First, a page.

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2007 Nansen Refugee Award winner Katrine Camilleri

Nansen Awards

2007 Nansen Refugee Award winner Katrine Camilleri

18 September 2006

Katrine Camilleri accepts the Nansen medal from High Commissioner António Guterres.

Dr Katrine Camilleri, the 2007 winner of the Nansen Refugee Award, has used a firm belief in human rights and an education in law to bring assistance to refugees, even in the face of violent threats against her organisation, herself and her family.

Camilleri was born on 24 February 1970 on the Mediterranean island of Malta. After graduating from the University of Malta in 1994, she began working in a small law firm, where she came into contact with refugees. Katrine's interest grew and she started to work with the Jesuit Refugee Service (JRS) office in Malta in 1997, first as a volunteer, then on a part-time and eventually full-time basis.

JRS Malta was but a fledgling organisation when Camilleri started to offer legal services to refugees and asylum seekers in the community. In 2000, she was referred the case of an asylum seeker in detention; soon other detainees came forward to ask for legal aid. At the time, no services were offered in the centres and JRS became the first organisation to offer a professional service on a regular basis to persons kept in administrative detention centres, including asylum-seekers.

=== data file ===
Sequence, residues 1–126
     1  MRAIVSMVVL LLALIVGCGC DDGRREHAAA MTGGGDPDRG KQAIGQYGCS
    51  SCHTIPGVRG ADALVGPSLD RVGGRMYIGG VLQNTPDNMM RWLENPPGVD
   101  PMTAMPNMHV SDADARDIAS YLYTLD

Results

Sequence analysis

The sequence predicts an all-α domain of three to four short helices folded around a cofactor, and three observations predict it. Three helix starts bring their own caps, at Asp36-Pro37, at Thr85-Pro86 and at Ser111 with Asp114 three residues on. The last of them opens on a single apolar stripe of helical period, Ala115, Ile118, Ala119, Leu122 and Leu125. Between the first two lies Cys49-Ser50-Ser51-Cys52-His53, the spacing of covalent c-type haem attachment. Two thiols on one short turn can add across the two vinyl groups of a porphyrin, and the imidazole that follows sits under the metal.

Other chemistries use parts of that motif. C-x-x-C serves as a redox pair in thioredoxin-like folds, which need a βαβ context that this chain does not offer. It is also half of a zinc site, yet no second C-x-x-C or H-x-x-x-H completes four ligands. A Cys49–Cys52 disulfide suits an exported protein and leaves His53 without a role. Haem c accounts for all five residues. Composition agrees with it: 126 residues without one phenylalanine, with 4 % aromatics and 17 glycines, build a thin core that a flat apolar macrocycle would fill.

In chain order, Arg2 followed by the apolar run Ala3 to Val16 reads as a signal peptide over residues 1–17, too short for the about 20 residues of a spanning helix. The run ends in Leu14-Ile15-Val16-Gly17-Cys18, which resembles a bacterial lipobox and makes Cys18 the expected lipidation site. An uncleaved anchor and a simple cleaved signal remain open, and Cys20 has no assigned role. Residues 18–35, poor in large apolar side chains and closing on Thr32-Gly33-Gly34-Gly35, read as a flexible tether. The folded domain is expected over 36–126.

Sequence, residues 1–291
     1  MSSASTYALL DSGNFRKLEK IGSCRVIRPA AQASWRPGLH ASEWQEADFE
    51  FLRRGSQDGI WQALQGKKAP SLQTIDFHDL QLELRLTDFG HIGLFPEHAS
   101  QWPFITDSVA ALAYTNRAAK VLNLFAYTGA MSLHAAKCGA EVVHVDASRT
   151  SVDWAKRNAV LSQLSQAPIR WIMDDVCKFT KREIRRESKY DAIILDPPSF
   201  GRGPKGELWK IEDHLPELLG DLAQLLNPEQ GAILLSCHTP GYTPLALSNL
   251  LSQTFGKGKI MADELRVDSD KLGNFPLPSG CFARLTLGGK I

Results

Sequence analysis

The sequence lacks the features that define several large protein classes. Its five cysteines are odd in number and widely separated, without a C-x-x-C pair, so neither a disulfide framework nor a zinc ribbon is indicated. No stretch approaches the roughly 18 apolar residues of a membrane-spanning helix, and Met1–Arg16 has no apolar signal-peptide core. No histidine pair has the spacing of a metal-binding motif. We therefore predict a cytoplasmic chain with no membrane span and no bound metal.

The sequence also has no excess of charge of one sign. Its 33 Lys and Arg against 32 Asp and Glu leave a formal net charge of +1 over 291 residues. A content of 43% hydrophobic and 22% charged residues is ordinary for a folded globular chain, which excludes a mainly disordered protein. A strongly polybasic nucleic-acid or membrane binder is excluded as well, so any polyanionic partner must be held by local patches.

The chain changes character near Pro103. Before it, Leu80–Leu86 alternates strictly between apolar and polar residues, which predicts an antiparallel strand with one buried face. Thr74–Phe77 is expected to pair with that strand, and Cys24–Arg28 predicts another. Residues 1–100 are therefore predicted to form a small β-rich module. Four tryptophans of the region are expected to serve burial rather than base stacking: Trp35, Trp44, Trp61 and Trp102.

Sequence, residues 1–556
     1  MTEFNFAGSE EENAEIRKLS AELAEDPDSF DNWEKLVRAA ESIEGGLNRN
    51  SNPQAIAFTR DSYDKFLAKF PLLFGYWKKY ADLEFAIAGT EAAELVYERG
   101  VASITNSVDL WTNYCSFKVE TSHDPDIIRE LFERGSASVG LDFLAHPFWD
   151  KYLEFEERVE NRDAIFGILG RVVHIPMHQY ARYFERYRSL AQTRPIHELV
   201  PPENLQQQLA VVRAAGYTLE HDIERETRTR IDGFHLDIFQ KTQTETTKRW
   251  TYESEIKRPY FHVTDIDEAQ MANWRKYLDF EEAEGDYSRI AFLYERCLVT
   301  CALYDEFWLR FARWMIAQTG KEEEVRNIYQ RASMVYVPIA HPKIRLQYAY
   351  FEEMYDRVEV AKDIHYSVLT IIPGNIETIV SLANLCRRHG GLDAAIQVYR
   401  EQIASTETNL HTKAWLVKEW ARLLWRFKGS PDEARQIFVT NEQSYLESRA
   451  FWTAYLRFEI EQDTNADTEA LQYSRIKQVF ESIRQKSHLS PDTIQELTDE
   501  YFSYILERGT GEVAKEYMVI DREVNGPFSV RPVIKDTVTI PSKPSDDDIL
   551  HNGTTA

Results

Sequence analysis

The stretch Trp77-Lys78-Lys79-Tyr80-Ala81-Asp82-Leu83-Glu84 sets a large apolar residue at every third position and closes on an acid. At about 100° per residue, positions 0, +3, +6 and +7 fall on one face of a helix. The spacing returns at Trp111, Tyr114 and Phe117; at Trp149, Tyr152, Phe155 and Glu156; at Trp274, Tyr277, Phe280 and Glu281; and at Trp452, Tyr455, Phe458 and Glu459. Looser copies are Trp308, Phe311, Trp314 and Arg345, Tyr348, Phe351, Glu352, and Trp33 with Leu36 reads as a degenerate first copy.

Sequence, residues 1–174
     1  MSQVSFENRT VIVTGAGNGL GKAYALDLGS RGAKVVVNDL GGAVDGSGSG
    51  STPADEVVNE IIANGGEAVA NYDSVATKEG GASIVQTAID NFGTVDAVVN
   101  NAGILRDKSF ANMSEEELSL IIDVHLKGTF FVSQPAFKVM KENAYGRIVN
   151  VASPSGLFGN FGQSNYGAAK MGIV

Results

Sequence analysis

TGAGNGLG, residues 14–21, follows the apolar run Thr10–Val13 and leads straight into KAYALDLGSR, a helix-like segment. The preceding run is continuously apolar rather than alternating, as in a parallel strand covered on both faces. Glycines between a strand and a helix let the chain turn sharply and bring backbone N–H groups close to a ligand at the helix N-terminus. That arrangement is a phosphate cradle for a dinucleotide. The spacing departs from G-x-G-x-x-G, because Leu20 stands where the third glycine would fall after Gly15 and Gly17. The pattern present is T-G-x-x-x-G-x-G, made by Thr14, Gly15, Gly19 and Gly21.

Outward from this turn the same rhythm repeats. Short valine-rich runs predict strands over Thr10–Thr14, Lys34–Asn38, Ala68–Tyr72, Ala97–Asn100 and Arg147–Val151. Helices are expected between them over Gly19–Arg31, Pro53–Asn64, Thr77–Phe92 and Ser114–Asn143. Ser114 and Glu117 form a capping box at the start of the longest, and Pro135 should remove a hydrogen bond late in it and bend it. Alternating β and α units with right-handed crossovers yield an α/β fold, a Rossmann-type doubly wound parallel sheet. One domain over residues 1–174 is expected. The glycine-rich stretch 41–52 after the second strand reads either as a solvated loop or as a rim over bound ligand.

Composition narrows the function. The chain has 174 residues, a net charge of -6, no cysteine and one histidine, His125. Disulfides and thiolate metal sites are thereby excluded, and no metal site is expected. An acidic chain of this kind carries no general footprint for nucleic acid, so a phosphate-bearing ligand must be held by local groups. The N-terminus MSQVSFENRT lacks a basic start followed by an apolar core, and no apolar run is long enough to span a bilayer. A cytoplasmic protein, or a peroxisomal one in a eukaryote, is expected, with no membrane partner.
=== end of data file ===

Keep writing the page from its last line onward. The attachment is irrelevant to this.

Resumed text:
In 2002, the number of asylum seekers reaching Malta by boat increased sharply - a situation seen in many European Mediterranean countries. The young mother of two devoted her energy to expanding JRS services, securing funding to employ more professional staff and set up new projects offering social work, health and education services to all refugees, regardless of their race, religion or ethnicity.

Camilleri leads the JRS Malta legal team of two lawyers and two case workers. Conscious of the need to increase the number of lawyers trained in refugee law, Camilleri also help set up a study unit for law students at the University of Malta.

With the rise in the number of asylum seekers, irregular migration has become a high-profile political issue. Over the past year, some opponents of the asylum process turned to violence. First a number of vehicles owned by the Jesuits were burned. Then in April 2006 an arson attack destroyed the car of Camilleri and set fire to her home. She and her family, although trapped inside, were unharmed. She resumed her work with refugees, determined not to be intimidated.

"The Committee notes with appreciation the tireless efforts of Dr. Camilleri to lobby and advocate for refugees. We are impressed by the political courage she has shown in dealing with the refugee situation in Malta," read the decision of the Nansen Refugee Award Committee.